"So you think, Cyrus, that the beauty of any human creature can compel a man to do wrong against his will? Surely, if that were the nature of beauty, all men would feel its force alike. See how fire burns men equally; it is the nature of it so to do; but these flowers of beauty, one man loves them, and one another loves them not, nor does any man love the same. For love is voluntary, and each man loves what he chooses to love. The brother is not enamored of his own sister, nor the father of his own daughter; some other man must be the lover. Reverence and law are strong enough to break the heart of passion. But if a law were passed saying, 'Eat not and thou shalt not starve; Drink not and thou shalt not thirst; Let not cold bite thee in winter not heat inflame thee in summer," I say there is no law that could compel us to obey; for it is our nature to be swayed by these forces. But love is voluntary. Each man loves to himself alone and according as he chooses his cloak or his sandals."

"Then," said Cyrus, "if love be voluntary, why cannot a man cease to love when he wishes? I have seen men in love," said he, "who have wept for very agony, who were the very slaves of those they loved, though before the fever took them, they thought slavery the worst of evils. I have seen them make gifts of what they ill could spare, I have seen them praying, yes, praying, to be rid of their passion, as though it were any other malady, and yet unable to shake it off; they were bound hand and foot by a chain of something stronger than iron. There they stood at the beck and call of their idols, and that without rhyme or reason; and yet, poor slaves, they make no attempt to run away, in spite of all they suffer; on the contrary, they mount guard over their tyrants, for fear these should escape."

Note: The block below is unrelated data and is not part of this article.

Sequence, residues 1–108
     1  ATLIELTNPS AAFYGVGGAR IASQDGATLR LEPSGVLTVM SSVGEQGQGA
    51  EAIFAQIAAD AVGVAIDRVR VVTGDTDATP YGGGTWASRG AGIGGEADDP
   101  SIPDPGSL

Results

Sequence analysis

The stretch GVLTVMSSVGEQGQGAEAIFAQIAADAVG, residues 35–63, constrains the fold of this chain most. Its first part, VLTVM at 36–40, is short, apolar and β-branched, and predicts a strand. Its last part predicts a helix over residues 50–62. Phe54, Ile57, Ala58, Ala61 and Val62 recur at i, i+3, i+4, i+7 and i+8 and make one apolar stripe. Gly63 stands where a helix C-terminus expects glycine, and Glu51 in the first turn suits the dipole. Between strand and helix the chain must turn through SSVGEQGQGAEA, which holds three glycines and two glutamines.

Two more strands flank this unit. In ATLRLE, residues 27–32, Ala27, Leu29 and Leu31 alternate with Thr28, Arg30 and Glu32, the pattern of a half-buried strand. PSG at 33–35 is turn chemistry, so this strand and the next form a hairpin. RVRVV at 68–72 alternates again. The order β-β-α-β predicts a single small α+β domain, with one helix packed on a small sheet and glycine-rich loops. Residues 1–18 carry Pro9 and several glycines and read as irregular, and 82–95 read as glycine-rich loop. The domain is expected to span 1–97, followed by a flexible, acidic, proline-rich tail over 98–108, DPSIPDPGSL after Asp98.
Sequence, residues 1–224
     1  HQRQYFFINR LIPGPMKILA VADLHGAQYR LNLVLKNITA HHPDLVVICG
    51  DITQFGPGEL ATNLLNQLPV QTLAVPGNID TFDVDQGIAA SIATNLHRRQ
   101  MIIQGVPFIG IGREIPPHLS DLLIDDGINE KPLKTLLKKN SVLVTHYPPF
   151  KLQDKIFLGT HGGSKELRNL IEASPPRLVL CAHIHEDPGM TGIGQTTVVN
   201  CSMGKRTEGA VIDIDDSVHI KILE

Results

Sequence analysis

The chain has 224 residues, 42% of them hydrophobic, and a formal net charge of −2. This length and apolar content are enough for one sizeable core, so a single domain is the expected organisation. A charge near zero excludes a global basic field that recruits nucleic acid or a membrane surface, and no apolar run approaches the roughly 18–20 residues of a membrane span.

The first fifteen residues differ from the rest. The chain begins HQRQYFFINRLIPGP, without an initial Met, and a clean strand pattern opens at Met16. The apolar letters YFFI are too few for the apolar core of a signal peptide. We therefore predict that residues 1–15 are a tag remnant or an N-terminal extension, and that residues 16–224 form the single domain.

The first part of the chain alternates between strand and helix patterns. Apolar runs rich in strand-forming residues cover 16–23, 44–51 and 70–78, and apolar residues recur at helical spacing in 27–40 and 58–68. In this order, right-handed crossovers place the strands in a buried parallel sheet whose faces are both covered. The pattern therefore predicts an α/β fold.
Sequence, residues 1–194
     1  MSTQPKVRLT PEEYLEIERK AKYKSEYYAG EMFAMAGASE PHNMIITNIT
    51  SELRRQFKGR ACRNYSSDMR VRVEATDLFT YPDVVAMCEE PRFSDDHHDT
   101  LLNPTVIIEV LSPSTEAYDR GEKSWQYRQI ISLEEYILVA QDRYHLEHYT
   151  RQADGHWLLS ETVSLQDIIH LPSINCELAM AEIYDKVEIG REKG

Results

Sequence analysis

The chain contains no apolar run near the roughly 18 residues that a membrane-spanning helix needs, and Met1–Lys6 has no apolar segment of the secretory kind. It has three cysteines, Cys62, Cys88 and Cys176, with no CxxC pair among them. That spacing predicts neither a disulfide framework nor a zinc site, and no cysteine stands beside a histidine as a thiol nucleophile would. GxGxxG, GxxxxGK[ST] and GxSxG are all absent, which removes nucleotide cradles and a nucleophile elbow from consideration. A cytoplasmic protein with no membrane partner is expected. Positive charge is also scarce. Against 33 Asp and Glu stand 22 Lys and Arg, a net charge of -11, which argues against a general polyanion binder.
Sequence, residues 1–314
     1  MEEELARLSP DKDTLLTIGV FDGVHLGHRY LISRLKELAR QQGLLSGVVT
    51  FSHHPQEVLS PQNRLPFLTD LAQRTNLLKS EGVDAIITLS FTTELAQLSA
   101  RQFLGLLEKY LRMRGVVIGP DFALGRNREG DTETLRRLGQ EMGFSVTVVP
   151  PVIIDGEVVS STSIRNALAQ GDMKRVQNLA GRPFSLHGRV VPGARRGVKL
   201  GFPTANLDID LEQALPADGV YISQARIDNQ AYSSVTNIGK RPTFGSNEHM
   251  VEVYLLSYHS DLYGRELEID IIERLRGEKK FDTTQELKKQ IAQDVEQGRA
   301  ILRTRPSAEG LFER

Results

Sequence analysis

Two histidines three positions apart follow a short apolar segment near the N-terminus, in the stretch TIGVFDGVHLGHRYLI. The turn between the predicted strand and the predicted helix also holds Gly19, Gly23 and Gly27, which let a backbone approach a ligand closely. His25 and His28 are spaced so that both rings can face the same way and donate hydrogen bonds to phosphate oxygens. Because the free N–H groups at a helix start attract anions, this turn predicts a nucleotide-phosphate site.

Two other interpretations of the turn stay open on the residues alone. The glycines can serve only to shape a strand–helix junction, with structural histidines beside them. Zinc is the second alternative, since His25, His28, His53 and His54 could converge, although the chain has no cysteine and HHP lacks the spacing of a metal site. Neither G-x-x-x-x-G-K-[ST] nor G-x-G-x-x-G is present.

But the young man spoke in answer" "True," he said, "there are such men, but they are worthless scamps, and that is why, though they are always praying to die and be put out of their misery and though ten thousand avenues lie open by which to escape from life, they never take one of them.These are the very men who are prepared to steal and purloin the goods of others, and yet you know yourself, when they do it, you are the first to say stealing is not done under compulsion, and you blame the thief and the robber; you do not pity him, you punish him. In the same way, beautiful creatures do not compel others to love them or pursue them when it is wrong, but these good-for-nothing scoundrels have no self-control, and then they lay the blame on love. But the nobler type of man, the true gentleman, beautiful and brave, though he desire gold and splendid horses and lovely women, can still abstain from each and all alike, and lay no finger on them against the law of honor. Take my own case," he added, "I have seen this lady myself, and passing fair I found her, and yet here I stand before you, and am still your trooper and can still perform my duty."

"I do not deny it," said Cyrus; "probably you came away in time. Love takes a little while to seize and carry off his victim. A man may touch fire for a moment and not be burnt; a log will not kindle all at once; and yet, for all that, I am not disposed to play with fire or look on beauty. You yourself, my friend, if you will follow my advice, will not let your own eyes linger there too long; burning fuel will only burn those who touch it, but beauty can fire the beholder from afar; until he is all aflame with love."